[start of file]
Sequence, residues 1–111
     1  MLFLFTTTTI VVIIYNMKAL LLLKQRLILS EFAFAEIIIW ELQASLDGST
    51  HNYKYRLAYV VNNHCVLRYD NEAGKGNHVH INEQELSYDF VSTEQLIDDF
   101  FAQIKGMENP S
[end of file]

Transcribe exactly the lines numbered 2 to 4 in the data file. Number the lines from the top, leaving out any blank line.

     1  MLFLFTTTTI VVIIYNMKAL LLLKQRLILS EFAFAEIIIW ELQASLDGST
    51  HNYKYRLAYV VNNHCVLRYD NEAGKGNHVH INEQELSYDF VSTEQLIDDF
   101  FAQIKGMENP S